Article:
Trans-Cambria is now a reasonably well known mountain biking route across Wales. Originally planned by the International Mountain Biking Association - there are some original write ups and resources on the internet - the most authentic being Trans-Cambria.org
As with many 'old routes' social media has made the routes more appealing (which is great) and with the fastest known time set by Matt Page in 2021 at 8.5hrs this route is drawing a lot of commercial guiding attention.
A few points -
This is a remote ride on quite demanding terrain.
It's 160km and 4000m + of ascent
It was 'designed' as a 3-5 day mountain biking adventure
So, why does this get a write up on no-mad? Well, two things, first it's a human powered adventurous journey in Wales. Second, it's really having met a few very disenchanted folk who were on guided trips that didn't quite work out that was the motivation. These folk were on larger (10+ riders) groups, fully serviced (luggage transport and full board accommodation) and on very whizzy full suspension mountain bikes. They were not having a good time, having abandoned at the end of Day 1. If you've read "Just because you can, doesn't mean you should" you'll have an insight perhaps as to the reasons. And, if you are looking for a mountain bike guide for Trans-Cambria who we really rate, then check in with Steve at Wheelism
If you're going unsupported and unguided here are a few thoughts from our trip across Wales.
Trans-Cambria is undoubtedly the jewel in the crown of a east to west crossing of Wales on a bike. Logistically it's easy with rail connections (it starts and finishes on a different railway platform). Aesthetically it crosses from the border, to the sea across wild and remote areas.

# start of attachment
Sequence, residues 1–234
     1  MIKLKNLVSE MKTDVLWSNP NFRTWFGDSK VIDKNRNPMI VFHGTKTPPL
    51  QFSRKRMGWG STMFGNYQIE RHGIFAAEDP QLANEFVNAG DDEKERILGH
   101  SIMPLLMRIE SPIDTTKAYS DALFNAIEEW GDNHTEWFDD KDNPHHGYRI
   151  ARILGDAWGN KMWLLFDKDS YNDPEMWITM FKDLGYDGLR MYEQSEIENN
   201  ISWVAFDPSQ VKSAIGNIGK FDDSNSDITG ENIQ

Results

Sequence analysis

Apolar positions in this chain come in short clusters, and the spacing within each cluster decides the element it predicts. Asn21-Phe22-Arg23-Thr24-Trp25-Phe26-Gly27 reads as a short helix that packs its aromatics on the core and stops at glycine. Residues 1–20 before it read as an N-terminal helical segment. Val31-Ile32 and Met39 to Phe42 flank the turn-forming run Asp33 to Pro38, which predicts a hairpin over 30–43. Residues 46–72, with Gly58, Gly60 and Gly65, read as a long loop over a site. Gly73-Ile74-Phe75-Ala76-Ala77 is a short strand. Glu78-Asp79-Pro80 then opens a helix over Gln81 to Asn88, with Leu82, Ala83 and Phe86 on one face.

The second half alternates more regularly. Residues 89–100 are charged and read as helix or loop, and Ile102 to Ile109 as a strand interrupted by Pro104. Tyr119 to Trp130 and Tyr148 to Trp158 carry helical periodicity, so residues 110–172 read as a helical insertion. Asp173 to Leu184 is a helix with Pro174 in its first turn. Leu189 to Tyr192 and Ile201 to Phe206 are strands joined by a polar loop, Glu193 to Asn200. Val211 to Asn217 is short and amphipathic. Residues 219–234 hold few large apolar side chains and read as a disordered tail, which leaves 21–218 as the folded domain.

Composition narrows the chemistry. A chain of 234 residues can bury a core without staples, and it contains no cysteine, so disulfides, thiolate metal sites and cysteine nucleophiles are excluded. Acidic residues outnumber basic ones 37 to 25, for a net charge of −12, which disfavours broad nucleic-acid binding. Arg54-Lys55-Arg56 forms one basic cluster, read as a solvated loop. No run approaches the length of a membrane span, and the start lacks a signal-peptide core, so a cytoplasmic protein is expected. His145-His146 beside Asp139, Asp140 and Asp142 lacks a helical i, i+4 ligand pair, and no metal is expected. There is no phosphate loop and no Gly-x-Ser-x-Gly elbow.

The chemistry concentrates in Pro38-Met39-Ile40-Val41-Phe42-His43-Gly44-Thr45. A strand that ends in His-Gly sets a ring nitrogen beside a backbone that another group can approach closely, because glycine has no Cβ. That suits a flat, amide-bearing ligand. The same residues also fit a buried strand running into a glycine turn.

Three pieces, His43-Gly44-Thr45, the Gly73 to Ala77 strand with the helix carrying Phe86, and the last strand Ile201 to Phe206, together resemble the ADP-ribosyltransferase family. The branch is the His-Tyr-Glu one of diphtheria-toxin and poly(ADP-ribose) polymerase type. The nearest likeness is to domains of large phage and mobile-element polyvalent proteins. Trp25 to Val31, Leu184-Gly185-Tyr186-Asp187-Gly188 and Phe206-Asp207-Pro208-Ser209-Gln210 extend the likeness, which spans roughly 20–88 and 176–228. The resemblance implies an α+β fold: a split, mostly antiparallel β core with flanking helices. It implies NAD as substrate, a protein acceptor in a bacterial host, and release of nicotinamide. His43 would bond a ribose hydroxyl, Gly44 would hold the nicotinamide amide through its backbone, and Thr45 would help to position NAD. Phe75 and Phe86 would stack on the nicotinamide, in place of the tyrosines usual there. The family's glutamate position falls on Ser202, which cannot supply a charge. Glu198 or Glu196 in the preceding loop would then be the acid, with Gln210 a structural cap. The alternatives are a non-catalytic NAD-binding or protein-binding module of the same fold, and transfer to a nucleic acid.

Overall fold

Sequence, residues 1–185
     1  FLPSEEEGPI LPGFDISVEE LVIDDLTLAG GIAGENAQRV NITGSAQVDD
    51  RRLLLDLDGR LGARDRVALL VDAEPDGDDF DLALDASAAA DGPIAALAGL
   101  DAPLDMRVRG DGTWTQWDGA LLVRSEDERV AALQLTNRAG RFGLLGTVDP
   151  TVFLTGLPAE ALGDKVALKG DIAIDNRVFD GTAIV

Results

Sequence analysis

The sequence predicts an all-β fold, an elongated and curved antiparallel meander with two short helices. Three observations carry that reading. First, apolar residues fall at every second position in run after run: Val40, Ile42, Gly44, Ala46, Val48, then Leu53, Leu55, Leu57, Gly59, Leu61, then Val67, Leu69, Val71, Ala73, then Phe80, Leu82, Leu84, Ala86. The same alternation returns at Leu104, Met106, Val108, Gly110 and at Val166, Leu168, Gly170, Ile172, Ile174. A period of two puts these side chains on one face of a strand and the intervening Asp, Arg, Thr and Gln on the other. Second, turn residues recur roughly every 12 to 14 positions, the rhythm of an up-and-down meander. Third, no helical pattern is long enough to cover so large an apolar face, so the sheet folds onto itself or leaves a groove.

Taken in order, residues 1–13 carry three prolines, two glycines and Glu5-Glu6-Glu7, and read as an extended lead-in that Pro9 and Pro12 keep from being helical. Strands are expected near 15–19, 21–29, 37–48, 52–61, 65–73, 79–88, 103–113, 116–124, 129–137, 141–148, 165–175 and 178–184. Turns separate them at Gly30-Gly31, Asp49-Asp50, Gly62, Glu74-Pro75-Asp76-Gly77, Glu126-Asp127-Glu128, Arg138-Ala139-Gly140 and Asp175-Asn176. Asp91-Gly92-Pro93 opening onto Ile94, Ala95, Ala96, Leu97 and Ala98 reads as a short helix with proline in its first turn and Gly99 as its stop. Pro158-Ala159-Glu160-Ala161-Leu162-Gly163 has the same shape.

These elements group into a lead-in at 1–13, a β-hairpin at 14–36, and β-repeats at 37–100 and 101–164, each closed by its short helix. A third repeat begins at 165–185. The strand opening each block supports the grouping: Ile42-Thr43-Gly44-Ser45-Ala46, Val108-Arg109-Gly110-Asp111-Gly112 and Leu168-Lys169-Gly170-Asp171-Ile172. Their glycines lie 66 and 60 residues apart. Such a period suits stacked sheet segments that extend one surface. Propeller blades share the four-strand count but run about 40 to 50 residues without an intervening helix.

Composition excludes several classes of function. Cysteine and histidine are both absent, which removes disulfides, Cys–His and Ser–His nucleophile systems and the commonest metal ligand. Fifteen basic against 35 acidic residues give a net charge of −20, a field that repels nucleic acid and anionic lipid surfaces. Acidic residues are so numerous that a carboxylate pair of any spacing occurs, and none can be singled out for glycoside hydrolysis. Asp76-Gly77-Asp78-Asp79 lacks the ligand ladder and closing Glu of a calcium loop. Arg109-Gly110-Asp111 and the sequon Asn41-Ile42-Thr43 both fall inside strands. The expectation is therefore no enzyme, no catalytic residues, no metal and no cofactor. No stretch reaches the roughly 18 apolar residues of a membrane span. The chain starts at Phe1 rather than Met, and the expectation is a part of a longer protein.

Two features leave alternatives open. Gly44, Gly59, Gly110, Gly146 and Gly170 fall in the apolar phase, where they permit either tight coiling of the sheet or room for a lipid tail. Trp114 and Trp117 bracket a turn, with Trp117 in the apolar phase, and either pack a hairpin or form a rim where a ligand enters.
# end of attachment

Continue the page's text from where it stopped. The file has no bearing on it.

It picks up some great scenery, forestry, architectural and industrial heritage, as well as plants and animals that really fit with a no-mad style journey. It's an adventure, that with a bit of thought is a reasonably achievable, if tough journey.
So what skills do you need?
It's unmarked, so navigational ability is required
It's remote, so personal management (hydration and nutrition) is required
Riding skills and fitness (see beneath)
Bike maintenance skills to get you out of wild places
What decisions do you need to make?
Type of accommodation (assuming you're not bashing it out in a day)
Number of days
Type of bike (see beneath)
Type of bike, riding skills and fitness will all go together with a decision on the number of days you'll choose. But here's some stuff to think about...
There is not one 'perfect bike' for Trans-Cambria. If it has two wheels, is mechanically well looked after, it'll go across the route. There are steep ups, and steep downs, there are long fire road climbs, and long fire road descents. There is flat nadgery (see footnote) riding. There are fords, big puddles. There's bedrock and loose rock, mud and tarmac. So, a low-geared, full suspension mountain bike will get you up and down the steep stuff, but will probably suck a bit too much energy on the other bits to make a two day crossing enjoyable. Likewise, if you're not fluid on a bike then riding a rigid gravel bike on all the rough stuff will be as much fun as riding a piano down a flight of stairs.